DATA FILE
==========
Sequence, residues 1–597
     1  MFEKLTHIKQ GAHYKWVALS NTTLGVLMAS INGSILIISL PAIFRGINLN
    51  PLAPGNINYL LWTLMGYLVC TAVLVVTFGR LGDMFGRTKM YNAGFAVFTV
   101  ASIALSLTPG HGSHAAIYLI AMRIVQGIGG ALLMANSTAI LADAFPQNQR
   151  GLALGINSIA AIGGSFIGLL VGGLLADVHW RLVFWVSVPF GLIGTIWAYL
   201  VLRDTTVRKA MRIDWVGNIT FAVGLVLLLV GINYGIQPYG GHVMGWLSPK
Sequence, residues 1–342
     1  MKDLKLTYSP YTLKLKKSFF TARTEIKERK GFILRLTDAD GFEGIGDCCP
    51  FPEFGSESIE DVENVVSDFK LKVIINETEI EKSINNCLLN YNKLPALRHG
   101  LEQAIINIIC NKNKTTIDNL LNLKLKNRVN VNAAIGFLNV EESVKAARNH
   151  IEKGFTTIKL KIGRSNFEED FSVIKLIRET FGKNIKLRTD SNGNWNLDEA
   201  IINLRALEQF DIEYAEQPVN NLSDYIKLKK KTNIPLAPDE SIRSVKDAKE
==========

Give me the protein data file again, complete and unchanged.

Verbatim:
Sequence, residues 1–597
     1  MFEKLTHIKQ GAHYKWVALS NTTLGVLMAS INGSILIISL PAIFRGINLN
    51  PLAPGNINYL LWTLMGYLVC TAVLVVTFGR LGDMFGRTKM YNAGFAVFTV
   101  ASIALSLTPG HGSHAAIYLI AMRIVQGIGG ALLMANSTAI LADAFPQNQR
   151  GLALGINSIA AIGGSFIGLL VGGLLADVHW RLVFWVSVPF GLIGTIWAYL
   201  VLRDTTVRKA MRIDWVGNIT FAVGLVLLLV GINYGIQPYG GHVMGWLSPK
Sequence, residues 1–342
     1  MKDLKLTYSP YTLKLKKSFF TARTEIKERK GFILRLTDAD GFEGIGDCCP
    51  FPEFGSESIE DVENVVSDFK LKVIINETEI EKSINNCLLN YNKLPALRHG
   101  LEQAIINIIC NKNKTTIDNL LNLKLKNRVN VNAAIGFLNV EESVKAARNH
   151  IEKGFTTIKL KIGRSNFEED FSVIKLIRET FGKNIKLRTD SNGNWNLDEA
   201  IINLRALEQF DIEYAEQPVN NLSDYIKLKK KTNIPLAPDE SIRSVKDAKE